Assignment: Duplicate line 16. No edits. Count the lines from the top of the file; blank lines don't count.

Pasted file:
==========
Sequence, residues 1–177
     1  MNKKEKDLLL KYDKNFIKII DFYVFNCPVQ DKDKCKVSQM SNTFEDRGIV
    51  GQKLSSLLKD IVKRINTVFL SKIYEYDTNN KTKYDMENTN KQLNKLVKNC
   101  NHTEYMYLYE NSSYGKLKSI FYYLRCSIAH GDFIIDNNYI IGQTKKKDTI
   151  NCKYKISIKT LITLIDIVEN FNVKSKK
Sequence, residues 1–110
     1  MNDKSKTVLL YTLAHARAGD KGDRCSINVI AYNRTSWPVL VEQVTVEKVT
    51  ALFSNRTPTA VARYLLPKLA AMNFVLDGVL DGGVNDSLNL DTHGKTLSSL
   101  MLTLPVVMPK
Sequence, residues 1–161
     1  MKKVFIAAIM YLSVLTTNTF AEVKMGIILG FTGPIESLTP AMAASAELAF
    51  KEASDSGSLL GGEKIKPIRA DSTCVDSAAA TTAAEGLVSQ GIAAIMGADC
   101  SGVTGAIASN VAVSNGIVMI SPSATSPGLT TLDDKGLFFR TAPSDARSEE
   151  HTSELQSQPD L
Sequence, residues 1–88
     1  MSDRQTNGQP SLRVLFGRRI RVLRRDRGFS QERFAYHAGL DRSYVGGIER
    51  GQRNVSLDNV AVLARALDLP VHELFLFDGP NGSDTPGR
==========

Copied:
     1  MSDRQTNGQP SLRVLFGRRI RVLRRDRGFS QERFAYHAGL DRSYVGGIER